It was a dark cloud covered night as I sat outside playing a drum at my Chupadero valley home north of Santa Fe in 1982. It was more like the drum was playing me–or we were in a conversation like close friends. There was only the drum in my immediate awareness, no thoughts of conscious control or direction of the beat. A slight breeze began, then light rain. I asked whatever, whoever was listening in the darkness if I might see the moon and then watched how seemingly in response it appeared from a circular opening in the clouds. I kept drumming. A feeling of oneness with life welled up that was humbling amid this kinship with land, sky, water, air–an intimacy with the natural world I had not known fully before coming to New Mexico. The feeling was both new and anciently familiar.
The beat abides.
Years later I learned that what happened this night in 1982 was the experience of many people in many cultures, this relationship of thought, intention and prayer between drummer, drum and the natural and noumenal world. Some say the drum was the first instrument used by humans and that it has the power to aid in healing and influence the weather. Stories about drummers being able to induce or dissuade thunder, rain and other elements through the vibrations sent into the atmosphere are common among indigenous people. https://www.youtube.com/watch?v=JPn6eZHhoo0
The Native American drum I held in my hands that night came to me through a creative performance production called Luna. I was singing as well as playing my old instrument from grade school, the clarinet. Friend Jim Berenholtz https://composers.com/composers/jim-berenholtz had composed the music and choreography for the performance based on the cycles of the moon. Singers, musicians and dancers from Taos, Santa Fe and Albuquerque joined the creative collaboration. After the performances, the one-sided Taos drums used by the dancers were for sale, and I bought one, not really knowing why or what to do with it. But the drum was calling me to listen to its voice–the language of the tree, the animal, the earth, ancient cultures of the world and my own heartbeat. Over time it has become an abiding companion on lonely nights, on Earth Walks journeys I have led throughout the American Southwest and Mexico and at monthly full moon drum circle gatherings in my home for over 20 years.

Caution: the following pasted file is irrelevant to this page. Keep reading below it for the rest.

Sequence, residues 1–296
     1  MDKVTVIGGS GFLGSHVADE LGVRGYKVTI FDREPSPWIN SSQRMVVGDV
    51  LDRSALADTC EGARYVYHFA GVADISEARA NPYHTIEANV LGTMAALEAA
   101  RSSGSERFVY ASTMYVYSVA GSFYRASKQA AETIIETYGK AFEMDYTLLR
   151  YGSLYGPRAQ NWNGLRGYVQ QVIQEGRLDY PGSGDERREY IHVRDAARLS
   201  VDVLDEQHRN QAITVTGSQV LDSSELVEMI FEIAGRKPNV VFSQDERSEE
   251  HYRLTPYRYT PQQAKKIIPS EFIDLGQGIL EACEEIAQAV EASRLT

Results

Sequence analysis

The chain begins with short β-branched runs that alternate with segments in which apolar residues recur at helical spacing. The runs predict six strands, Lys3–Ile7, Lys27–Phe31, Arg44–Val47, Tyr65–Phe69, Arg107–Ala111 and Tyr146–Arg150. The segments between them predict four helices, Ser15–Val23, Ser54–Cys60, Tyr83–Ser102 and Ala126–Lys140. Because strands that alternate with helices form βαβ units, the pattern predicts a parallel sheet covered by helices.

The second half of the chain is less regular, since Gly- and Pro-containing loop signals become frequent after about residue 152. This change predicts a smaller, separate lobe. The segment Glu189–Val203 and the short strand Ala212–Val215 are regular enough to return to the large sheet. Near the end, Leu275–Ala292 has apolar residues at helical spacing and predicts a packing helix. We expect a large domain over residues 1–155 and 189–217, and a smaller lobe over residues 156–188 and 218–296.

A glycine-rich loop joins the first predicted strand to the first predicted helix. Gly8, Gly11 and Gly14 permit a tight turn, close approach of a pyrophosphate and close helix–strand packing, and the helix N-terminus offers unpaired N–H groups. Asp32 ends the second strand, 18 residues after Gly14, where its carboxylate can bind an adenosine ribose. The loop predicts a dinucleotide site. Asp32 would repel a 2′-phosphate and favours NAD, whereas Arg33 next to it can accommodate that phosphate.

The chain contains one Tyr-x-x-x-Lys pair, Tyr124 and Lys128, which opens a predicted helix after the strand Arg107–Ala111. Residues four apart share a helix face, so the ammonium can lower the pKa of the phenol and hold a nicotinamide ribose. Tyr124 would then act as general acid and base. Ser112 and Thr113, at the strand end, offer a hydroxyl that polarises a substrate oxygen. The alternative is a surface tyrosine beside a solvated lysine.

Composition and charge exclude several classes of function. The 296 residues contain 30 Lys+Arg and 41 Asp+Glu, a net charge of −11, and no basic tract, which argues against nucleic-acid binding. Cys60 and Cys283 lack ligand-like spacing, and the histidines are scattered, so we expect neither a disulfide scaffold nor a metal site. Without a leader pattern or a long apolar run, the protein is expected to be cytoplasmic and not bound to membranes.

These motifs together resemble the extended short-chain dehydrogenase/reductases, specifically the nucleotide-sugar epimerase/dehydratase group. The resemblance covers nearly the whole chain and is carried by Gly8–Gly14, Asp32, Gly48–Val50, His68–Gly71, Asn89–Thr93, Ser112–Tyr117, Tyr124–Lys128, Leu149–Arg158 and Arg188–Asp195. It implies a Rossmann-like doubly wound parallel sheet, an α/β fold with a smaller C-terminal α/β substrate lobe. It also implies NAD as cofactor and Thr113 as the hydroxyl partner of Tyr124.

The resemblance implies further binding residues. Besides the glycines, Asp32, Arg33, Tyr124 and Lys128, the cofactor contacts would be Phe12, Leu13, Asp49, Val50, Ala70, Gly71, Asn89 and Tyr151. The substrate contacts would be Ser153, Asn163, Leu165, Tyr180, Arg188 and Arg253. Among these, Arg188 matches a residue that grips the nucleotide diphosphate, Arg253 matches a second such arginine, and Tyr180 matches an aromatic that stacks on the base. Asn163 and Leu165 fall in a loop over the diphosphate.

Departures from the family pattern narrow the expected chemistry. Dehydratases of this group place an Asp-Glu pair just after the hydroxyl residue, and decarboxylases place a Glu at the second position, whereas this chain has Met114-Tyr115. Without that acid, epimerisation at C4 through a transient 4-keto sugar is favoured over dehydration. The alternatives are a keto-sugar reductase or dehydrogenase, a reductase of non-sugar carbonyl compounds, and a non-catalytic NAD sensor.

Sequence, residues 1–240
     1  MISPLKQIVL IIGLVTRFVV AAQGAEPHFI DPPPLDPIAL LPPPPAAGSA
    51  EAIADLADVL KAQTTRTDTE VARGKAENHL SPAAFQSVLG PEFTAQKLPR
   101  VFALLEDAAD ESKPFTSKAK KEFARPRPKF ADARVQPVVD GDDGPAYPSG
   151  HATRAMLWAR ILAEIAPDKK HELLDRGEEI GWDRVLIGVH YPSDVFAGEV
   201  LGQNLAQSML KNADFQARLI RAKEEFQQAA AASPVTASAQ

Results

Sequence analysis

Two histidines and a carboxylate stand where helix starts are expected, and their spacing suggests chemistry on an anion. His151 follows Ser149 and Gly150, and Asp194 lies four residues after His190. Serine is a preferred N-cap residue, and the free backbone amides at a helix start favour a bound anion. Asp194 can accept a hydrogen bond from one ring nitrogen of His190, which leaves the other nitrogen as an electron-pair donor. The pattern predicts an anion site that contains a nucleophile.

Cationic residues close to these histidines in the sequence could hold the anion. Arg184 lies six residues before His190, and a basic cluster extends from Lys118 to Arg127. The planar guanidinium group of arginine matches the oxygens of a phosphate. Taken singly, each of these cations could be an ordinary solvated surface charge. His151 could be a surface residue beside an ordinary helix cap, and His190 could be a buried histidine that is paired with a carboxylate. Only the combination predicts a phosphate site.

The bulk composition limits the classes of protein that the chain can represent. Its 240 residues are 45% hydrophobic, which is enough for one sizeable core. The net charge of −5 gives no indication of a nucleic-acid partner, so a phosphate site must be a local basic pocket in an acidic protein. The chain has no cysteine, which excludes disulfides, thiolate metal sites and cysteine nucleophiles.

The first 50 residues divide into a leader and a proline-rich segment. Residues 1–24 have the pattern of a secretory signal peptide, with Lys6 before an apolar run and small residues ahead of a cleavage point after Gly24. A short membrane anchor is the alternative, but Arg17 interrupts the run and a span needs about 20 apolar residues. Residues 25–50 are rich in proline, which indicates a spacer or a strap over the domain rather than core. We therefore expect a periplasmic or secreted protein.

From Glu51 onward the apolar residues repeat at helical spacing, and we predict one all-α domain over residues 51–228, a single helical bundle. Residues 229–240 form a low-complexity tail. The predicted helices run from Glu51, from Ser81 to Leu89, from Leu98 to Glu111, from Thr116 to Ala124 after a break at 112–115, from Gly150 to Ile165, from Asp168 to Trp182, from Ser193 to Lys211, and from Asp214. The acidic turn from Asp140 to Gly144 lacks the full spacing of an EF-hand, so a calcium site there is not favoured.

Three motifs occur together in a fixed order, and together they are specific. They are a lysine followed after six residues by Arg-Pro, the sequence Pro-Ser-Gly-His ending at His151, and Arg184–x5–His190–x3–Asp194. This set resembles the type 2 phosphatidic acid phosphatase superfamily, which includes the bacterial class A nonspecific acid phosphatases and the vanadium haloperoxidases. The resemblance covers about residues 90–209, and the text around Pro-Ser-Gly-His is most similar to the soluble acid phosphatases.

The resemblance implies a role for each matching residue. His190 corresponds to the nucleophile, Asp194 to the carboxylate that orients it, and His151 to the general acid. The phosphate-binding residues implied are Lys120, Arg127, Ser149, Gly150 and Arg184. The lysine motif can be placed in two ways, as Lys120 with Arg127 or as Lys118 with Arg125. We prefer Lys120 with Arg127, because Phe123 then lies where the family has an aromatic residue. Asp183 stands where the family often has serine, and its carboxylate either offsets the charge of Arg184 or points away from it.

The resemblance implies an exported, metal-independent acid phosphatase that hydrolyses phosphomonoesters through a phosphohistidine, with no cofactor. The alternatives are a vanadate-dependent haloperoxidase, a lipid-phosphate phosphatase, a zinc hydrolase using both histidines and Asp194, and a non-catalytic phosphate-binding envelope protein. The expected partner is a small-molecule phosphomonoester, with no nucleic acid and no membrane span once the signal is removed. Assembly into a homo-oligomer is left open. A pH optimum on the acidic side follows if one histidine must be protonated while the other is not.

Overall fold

After living in Chupadero, I was fortunate to find a home in the Upper Canyon Road area of Santa Fe, near the national forest. On a hot summer day in June 1989, I walked with friend Judy on the unpaved road from my house. Judy was and is a wise mentor and confidant and at the time a highly respected director of substance abuse programs in Santa Fe. Despite our easy-going conversation and smiles, I felt a certain sadness and slowness in my step because Judy was dealing with breast cancer. It was a huge ordeal for her, but even so she maintained a sense of hope and optimism. I wanted to help in whatever way I could, and had called her to offer a healing session with my drum.